Emergency Refugee and Migration Assistance (ERMA) is an emergency presidential draw-down account that provides an important safety valve during emergencies, allowing the U.S. to meet rapidly occurring and unforeseen humanitarian needs.
What does it buy?
ERMA investments provide life-sustaining assistance to refugees, including food, shelter, health care, and education.
Why is it important?
Conflict or persecution forcibly displaces nearly one person every three seconds (as both internally displaced persons and refugees), amounting to 79.5 million people worldwide.
U.S. funding helps meet the basic human needs of displaced people, supports permanent solutions to their displacement, and assists the countries hosting them. The United States helps to relieve pressures that destabilize regions and threaten global stability and security.
Recent years have seen unanticipated needs arise in countries such as Bangladesh, Mali, South Sudan, Sudan, and Syria. These countries are often ill-equipped to handle massive in-flows of people. Therefore, the United States and other global partners bolster political and humanitarian responses.
Conflict or persecution forcibly displaces nearly one personevery three seconds.
Why should Americans care?
Global displacement is at its highest level since the aftermath of World War II. This has resulted in significant human suffering, potential “lost generations” as millions of children miss out on education opportunities, and undue pressure on countries—many of which are low-income themselves—on hosting large numbers of refugees.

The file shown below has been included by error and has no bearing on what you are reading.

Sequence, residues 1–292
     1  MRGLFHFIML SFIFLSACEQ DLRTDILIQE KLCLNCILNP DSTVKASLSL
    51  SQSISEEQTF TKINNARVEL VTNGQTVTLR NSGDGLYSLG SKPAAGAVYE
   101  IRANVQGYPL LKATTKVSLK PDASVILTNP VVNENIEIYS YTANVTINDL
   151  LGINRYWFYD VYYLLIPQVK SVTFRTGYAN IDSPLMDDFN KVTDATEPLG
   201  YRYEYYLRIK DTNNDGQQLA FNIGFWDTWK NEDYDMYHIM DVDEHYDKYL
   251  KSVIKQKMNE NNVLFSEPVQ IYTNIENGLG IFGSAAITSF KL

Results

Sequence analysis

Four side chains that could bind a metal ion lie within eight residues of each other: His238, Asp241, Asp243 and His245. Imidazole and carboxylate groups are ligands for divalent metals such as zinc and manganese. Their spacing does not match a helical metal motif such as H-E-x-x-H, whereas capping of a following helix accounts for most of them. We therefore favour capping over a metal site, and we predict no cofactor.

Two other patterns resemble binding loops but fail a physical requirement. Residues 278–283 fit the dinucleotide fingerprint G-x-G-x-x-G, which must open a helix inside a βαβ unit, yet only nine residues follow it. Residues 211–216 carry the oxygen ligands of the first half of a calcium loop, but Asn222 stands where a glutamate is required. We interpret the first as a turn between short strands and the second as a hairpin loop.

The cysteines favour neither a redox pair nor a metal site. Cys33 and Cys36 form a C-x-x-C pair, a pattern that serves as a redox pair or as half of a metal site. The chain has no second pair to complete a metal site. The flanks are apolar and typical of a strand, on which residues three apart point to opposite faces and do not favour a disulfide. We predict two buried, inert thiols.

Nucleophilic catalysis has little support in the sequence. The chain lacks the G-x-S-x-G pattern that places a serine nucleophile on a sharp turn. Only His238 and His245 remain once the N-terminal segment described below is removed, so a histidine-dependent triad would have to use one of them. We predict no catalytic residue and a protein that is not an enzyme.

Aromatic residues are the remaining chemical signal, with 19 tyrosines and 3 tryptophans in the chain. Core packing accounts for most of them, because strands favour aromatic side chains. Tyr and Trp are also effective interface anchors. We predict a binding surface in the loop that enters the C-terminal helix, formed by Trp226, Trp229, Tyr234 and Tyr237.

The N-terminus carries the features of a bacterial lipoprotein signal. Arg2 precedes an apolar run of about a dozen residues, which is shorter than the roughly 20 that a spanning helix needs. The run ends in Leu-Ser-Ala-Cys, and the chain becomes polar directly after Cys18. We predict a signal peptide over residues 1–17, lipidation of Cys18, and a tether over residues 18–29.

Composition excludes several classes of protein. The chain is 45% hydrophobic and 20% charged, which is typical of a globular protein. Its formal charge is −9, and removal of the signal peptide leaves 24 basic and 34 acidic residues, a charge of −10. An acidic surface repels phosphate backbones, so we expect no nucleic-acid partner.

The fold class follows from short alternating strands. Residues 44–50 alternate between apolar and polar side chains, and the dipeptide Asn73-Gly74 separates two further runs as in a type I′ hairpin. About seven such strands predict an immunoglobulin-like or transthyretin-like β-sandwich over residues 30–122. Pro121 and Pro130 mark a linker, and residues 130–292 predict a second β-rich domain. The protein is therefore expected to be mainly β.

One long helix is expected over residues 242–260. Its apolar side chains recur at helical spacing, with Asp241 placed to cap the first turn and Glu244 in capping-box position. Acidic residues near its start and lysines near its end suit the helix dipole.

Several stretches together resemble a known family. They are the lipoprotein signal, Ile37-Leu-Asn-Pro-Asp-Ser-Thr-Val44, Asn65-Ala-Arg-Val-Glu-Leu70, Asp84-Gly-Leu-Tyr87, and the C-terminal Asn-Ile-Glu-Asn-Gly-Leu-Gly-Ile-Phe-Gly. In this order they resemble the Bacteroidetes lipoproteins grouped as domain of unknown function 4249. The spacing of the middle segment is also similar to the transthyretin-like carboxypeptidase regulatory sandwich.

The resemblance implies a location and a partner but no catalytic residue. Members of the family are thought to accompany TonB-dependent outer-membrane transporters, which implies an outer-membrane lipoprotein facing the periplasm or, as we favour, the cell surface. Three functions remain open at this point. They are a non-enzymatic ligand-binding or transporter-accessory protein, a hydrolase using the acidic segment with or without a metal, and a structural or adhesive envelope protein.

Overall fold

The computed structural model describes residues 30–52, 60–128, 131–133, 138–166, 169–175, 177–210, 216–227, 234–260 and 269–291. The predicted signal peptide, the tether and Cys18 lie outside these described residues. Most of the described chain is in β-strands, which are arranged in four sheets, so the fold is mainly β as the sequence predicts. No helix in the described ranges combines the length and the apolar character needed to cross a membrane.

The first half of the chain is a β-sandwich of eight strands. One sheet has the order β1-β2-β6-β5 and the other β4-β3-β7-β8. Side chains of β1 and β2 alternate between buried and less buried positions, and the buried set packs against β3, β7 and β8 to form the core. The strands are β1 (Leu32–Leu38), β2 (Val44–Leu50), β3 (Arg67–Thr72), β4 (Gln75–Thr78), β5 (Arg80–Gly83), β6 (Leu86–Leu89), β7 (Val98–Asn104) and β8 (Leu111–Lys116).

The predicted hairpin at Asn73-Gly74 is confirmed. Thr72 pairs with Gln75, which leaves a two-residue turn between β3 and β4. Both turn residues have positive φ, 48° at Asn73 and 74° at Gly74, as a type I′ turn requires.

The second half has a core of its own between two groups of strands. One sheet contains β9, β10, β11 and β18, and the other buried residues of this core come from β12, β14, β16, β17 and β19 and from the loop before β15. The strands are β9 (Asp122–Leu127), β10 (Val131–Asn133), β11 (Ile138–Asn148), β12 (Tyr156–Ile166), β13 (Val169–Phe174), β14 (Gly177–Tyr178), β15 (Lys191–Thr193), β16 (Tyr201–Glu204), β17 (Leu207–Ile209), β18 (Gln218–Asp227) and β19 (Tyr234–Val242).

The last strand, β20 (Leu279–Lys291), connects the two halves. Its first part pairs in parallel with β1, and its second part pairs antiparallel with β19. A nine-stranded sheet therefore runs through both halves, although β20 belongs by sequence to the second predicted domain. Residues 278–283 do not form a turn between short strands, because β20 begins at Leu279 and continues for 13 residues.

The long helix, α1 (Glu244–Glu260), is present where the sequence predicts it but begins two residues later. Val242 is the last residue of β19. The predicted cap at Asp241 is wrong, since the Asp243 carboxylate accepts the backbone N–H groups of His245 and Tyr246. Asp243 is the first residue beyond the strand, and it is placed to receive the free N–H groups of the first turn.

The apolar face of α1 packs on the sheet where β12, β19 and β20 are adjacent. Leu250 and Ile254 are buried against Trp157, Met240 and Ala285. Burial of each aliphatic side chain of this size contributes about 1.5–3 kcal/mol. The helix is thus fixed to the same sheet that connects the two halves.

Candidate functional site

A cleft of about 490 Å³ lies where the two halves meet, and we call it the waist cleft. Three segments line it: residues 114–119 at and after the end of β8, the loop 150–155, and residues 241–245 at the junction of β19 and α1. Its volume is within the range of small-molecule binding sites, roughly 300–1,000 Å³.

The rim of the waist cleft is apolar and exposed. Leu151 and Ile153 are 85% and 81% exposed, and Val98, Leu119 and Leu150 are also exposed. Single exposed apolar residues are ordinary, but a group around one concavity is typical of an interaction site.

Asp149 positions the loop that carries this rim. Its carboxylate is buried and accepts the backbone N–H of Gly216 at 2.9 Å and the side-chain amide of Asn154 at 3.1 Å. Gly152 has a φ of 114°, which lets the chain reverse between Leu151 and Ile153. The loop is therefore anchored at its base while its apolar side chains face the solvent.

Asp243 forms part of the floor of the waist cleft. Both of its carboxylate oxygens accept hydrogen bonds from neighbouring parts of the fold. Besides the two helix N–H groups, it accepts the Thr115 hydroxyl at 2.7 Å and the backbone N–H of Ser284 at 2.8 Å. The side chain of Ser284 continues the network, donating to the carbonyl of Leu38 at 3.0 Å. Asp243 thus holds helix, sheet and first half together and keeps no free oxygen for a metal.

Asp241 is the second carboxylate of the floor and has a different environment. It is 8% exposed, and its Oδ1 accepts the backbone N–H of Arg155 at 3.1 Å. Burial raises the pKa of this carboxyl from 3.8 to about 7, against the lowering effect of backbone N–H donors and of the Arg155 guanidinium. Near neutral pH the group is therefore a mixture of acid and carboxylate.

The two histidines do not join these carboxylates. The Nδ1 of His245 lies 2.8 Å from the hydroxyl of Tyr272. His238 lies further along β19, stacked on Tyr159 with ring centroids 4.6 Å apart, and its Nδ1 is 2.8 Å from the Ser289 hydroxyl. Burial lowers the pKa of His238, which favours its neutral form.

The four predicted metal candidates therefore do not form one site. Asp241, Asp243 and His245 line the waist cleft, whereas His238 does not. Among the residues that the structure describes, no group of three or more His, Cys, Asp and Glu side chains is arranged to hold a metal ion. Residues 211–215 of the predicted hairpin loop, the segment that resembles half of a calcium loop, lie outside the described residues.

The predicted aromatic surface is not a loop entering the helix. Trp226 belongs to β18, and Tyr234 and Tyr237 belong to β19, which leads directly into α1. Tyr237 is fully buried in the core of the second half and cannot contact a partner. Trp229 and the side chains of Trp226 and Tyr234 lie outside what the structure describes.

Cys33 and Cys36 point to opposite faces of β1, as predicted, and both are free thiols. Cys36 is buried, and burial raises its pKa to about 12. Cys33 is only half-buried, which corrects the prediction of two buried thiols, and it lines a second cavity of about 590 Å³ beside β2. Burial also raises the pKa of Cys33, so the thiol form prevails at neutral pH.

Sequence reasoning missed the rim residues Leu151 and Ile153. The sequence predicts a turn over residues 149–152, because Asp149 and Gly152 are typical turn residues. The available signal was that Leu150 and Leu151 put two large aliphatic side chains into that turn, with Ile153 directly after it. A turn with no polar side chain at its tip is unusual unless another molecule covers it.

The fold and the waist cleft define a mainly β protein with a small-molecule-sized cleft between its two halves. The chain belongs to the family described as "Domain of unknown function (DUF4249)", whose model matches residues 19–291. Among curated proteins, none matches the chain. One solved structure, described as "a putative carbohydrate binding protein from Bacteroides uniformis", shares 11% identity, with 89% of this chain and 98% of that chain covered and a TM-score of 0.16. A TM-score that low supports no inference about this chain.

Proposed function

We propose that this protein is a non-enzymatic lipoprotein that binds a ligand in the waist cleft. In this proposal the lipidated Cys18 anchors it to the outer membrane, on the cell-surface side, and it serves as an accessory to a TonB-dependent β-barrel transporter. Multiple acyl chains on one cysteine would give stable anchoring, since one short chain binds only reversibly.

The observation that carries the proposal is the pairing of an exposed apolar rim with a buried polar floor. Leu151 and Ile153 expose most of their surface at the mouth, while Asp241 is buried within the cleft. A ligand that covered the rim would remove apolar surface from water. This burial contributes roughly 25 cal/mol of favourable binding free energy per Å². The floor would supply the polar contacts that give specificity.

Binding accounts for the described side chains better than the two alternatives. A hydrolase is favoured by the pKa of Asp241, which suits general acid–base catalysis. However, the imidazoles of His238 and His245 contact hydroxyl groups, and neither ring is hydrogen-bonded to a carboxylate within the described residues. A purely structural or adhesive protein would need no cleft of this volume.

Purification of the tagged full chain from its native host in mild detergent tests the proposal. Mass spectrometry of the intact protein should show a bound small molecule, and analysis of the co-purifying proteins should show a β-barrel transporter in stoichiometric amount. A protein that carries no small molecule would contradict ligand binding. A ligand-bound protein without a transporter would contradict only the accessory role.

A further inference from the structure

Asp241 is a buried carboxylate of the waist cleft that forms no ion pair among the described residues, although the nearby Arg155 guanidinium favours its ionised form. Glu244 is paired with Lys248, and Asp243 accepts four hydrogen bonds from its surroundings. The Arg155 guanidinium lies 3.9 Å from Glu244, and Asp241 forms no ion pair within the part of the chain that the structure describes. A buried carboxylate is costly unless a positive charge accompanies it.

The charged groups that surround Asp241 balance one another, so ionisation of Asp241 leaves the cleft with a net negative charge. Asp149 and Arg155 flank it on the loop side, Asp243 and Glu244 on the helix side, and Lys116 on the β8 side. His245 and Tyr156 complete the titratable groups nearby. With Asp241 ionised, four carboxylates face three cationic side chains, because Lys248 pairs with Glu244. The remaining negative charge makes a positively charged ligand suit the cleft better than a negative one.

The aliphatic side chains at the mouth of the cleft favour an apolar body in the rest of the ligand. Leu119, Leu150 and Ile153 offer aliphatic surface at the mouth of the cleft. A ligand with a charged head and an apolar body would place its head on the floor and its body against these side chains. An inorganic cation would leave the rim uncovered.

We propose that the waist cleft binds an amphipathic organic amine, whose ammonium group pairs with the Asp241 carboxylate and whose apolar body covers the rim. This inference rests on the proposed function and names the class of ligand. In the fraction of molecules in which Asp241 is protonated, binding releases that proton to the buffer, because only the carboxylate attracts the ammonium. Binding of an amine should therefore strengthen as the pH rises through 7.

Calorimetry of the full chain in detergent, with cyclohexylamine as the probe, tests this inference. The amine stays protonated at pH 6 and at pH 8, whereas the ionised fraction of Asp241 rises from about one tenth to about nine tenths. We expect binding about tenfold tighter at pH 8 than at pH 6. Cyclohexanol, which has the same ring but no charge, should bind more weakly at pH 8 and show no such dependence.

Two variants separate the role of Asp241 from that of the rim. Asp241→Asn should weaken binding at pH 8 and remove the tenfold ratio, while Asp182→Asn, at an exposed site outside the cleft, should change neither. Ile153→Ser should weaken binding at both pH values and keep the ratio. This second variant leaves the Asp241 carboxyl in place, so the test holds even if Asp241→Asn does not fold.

U.S. support helps relieve pressures faced by host communities and governments, further destabilizing regions and leading to further humanitarian needs.
Border closures and travel restrictions have put an increased burden on displaced people fleeing conflict and disasters, forcing many to continue enduring the struggles they attempt to escape.
COVID-19 inhibits critical aid from being delivered to vulnerable groups, threatening the sustainability of current programs.
In addition to the risk of infection, secondary effects caused by COVID-19—including economic aftershocks—pose a significant threat to refugees and displaced peoples.
What more could be done?
Additional investments could allow the U.S. to better respond to the unprecedented scope of the global refugee crisis.
Increasing ERMA’s statutory cap could allow the U.S. greater flexibility to send resources to emerging, sudden onset, or deepening humanitarian crises, which helps to relieve pressure on protracted crisis response globally.
Funding levels may not accurately reflect those in the appropriations bills and/or reports due to rounding.